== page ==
banks, credit card issuers and other financing applications
ask for it, your employer wants it and maybe even your
children’s school records it.

You can read more about the way your Social Security number
may be stored and used, including some alarming instances –
like being sold online — as well as actions now in the
pipeline to try to limit some of those exposures, in a PRC
factsheet: Fact Sheet 10: My Social Security Number – How Secure Is It?

Protect Your Social Security Number from Theft

Next, we summarize the most important things you can do to try
to prevent your Social Security number from being stolen:

* First and foremost, don’t carry your card around with you.
Memorize the number.

And don’t carry other cards with the number unless you know
you’re going to need them.

The PRC even suggests photocopying these must-carry cards,
leaving the original at home and deleting all but the last
three digits on the copy that you carry with you.

However, we’re not able to say whether all medical service
providers would accept this.

* Whether you have these identifying cards with you or not,
keep your wallet securely with you or under lock and key at
all times.

* Don’t store your Social Security number in an unencrypted
file on your computer.

If you don’t know how to password protect or encrypt files on
your computer, either find out or don’t store those details.

Remember, this doesn’t refer just to the number itself but to
any documents — like copies of tax returns, pay slips and
financing applications — that contain them.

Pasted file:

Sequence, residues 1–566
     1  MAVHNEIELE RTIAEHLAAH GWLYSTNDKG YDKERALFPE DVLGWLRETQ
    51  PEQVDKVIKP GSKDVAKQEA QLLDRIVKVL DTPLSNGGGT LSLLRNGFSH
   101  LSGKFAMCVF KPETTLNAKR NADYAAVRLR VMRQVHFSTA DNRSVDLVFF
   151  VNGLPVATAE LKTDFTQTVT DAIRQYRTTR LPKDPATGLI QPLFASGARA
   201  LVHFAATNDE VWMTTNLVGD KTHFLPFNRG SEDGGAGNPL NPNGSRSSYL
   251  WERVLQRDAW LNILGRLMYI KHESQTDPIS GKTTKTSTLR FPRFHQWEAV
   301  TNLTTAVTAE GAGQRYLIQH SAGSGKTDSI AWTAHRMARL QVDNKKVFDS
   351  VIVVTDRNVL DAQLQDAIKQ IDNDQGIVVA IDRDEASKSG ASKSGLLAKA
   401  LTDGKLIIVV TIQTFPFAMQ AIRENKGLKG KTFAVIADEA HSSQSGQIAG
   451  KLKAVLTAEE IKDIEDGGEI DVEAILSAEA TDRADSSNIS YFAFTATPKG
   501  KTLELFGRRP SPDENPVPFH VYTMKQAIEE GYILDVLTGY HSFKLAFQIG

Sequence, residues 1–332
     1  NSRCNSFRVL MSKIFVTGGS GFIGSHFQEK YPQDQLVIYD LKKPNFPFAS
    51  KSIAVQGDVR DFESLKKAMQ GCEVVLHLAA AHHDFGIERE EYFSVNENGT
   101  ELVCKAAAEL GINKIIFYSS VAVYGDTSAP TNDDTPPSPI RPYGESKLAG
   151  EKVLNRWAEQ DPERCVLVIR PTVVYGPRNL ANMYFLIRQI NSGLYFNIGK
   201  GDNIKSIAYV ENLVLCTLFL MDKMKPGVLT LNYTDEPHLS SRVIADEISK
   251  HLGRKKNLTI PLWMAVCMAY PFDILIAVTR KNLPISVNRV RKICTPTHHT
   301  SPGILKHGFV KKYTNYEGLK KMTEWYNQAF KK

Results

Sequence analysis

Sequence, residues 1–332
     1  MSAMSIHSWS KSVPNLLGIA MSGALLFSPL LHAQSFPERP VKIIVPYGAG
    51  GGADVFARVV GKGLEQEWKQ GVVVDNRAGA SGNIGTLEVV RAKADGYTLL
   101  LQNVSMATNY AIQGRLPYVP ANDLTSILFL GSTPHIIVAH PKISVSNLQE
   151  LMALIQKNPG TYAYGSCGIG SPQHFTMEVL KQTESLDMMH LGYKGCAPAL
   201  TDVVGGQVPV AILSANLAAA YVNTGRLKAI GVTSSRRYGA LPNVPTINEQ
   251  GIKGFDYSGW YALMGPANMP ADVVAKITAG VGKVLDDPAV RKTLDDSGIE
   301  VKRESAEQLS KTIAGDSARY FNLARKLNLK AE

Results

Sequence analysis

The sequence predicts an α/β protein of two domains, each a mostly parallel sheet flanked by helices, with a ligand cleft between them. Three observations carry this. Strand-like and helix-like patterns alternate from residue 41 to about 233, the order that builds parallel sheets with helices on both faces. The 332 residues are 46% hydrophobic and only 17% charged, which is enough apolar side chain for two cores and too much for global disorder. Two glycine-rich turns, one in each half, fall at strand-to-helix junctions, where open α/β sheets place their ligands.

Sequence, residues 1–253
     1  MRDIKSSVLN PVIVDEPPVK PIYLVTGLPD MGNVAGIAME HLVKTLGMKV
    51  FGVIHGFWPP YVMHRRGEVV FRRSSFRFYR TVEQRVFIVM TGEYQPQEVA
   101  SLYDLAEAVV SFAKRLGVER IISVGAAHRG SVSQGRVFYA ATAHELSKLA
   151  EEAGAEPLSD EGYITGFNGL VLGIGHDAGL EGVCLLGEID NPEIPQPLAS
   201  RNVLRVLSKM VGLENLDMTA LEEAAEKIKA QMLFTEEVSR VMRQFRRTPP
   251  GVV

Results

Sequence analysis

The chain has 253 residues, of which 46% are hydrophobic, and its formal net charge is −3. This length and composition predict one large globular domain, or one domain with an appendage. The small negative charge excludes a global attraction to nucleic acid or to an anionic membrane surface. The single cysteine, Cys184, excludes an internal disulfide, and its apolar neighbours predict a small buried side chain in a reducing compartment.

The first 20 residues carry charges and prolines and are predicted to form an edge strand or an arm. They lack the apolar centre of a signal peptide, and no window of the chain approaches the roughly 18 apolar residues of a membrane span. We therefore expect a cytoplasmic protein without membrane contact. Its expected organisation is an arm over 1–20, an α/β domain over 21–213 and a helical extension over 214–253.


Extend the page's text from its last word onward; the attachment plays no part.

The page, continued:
* Shred all documents that contain your Social Security number
and other confidential information before disposing of them.
Tearing them in half is not enough!

We covered the subject of shredding earlier, in a special
issue: Shredding: A Key Weapon in Your Document Security and Identity Theft Prevention Strategies

* If your outside mailbox doesn’t already have a lock and key,
consider buying one that does. Just do an online search for
“locking mailboxes.”

* Never give out your Social Security number over the phone if
you didn’t initiate the call. You have absolutely no way of
being 100% sure of who you’re speaking to.

The Social Security Administration (SSA) or any other
legitimate organization would never ask you for your full
number, though some financial institutions might ask for the
final three or four digits.

* Likewise, beware of providing the number to anyone else who
asks for it online, by email or by mail.

You’re not legally required to provide it to anyone other than
the SSA, the IRS, a couple of other government departments
and, probably, your employer.

You should ask anyone else who requests it why they need it
and whether they would accept some other form of
identification.

You have to be 100% sure of the authenticity of whomever wants
it and 100% sure they really need it. Otherwise, don’t hand it
over.

However, some organizations may refuse to do business with you
if you don’t provide your Social Security number. That’s their
right, and your choice.

For more information, see these two guides from the SSA:
Your Social Security Number And Card

Identity Theft And Your Social Security Number

The latter document also explains the circumstances under
which you might be able to get a new Social Security number.

In other circumstances, there may not be much you can do to
protect your Social Security number when it’s held and stored
by others outside of your control.

In that case, vigilance is your watchword and you should
follow the guidance in our Identity Theft Information Center
on how to monitor your Social Security number, credit records
and the usage of other personal data.

That’s all we have for today, but we’ll be back next week with
another issue. See you then!